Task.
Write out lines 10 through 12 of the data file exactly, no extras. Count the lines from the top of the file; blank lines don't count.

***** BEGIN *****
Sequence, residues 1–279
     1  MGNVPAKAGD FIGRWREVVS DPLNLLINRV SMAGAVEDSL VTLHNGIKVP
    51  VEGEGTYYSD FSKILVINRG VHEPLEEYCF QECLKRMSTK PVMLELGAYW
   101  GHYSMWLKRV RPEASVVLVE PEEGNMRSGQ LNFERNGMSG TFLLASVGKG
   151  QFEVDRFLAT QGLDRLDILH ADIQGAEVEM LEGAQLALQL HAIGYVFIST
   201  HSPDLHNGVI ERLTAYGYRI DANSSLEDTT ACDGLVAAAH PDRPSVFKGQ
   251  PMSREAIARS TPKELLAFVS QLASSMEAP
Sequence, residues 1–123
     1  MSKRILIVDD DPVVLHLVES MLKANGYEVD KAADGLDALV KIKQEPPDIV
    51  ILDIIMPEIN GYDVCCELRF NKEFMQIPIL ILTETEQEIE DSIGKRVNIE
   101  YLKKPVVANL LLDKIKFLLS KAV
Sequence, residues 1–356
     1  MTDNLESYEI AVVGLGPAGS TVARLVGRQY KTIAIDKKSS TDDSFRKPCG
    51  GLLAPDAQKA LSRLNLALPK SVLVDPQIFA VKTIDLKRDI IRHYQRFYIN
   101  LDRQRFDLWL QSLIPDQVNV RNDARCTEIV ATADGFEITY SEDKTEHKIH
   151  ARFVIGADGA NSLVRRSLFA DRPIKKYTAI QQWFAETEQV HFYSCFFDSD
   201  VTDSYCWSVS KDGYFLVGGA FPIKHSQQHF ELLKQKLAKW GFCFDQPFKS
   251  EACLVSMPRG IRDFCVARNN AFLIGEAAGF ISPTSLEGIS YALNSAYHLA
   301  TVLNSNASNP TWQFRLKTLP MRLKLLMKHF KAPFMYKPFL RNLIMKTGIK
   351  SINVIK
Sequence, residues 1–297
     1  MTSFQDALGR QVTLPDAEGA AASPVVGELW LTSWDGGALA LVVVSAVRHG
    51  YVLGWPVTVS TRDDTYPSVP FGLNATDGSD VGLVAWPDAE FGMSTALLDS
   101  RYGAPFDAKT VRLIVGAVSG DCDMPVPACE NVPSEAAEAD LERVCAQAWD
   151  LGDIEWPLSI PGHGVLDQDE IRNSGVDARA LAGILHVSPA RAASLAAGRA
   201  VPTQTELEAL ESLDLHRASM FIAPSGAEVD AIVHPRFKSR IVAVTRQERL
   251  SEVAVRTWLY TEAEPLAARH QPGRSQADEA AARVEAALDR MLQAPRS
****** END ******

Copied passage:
    51  ILDIIMPEIN GYDVCCELRF NKEFMQIPIL ILTETEQEIE DSIGKRVNIE
   101  YLKKPVVANL LLDKIKFLLS KAV
Sequence, residues 1–356